The middle class is shrinking. Those in power have run up enormous debts on public credit while shoveling most of the money into private pockets. The corporations that have benefitted from this borrowing binge, meanwhile, leverage the global trade system to transfer their profits beyond the reach of national governments.

Meanwhile, we have been told lies by Democrats and by Republicans, divided into artificial camps and led into debates that are either irrelevant or so dramatically scripted that we fail to realize every choice leads to the same result: the dismantling of the social framework that defined and sustained the opportunity of the last century. National mobilization of resources has given way to radical individualism under a narrative that, in the wealthiest nation in the world, we must always expect less.

In this tumultuous time, we search for a way forward - a new Square Deal for the American people.

Thursday, June 16, 2011

Defining American War Powers

On Sunday, an important milestone will be reached: American forces will have been engaged in various combat and combat-support operations in Libya for 90 days.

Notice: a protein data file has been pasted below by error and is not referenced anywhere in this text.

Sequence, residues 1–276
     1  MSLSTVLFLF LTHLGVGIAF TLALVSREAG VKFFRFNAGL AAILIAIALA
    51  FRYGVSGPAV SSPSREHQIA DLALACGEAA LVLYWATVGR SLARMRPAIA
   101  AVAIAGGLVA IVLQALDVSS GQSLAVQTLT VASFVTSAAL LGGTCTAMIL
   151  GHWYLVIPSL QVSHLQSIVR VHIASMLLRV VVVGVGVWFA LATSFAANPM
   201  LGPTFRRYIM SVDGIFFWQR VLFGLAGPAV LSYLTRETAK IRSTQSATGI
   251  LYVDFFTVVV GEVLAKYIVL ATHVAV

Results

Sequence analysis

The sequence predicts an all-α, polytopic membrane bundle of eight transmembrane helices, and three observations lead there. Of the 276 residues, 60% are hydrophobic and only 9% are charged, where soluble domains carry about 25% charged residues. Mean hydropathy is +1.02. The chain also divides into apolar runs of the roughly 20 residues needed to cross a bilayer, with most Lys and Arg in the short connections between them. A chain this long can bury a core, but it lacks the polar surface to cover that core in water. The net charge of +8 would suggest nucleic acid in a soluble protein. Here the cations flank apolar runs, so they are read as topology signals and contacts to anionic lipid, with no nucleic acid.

In reaching that milestone, the decision of President Obama to commit U.s. planes and pilots, ships and sailors, missiles, and about $700 million without any authorization from Congress will officially cross the threshold established by the War Powers Act.

What will come next is anyone's guess.

Let's explore this a bit, beginning with how the United States wages war under the rule of law and how the War Powers Act factors into the mix.

War Powers under the American System of Government

The U.S. Constitution divides authority relating to war:

  • Article I, Section 8 gives to Congress the power "To declare War, grant Letters of Marque and Reprisal, and make Rules concerning Captures on Land and Water."

  • Article II, Section 2 states that "The President shall be Commander in Chief of the Army and Navy of the United States, and of the Militia of the several States, when called into the actual Service of the United States."
In the time of the founding of the country, this conflict was de facto meaningless: the Continental Army was disbanded immediately upon the conclusion of the Revolutionary War except for 55 privates who guarded munitions depots, and when the Constitution was established, the authorized end-strength of the Army numbered precisely 840 officers and men.